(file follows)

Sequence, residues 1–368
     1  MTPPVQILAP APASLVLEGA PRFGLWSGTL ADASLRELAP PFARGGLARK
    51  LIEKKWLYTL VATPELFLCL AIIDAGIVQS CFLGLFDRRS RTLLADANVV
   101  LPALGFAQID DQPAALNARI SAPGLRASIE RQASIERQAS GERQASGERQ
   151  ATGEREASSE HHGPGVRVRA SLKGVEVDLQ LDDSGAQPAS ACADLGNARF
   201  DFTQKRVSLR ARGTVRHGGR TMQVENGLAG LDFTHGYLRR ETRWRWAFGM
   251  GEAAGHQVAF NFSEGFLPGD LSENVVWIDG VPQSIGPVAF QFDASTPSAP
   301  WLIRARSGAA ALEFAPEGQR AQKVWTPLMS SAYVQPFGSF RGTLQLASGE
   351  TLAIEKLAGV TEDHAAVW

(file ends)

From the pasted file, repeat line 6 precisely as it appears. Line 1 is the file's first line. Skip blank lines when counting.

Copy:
   201  DFTQKRVSLR ARGTVRHGGR TMQVENGLAG LDFTHGYLRR ETRWRWAFGM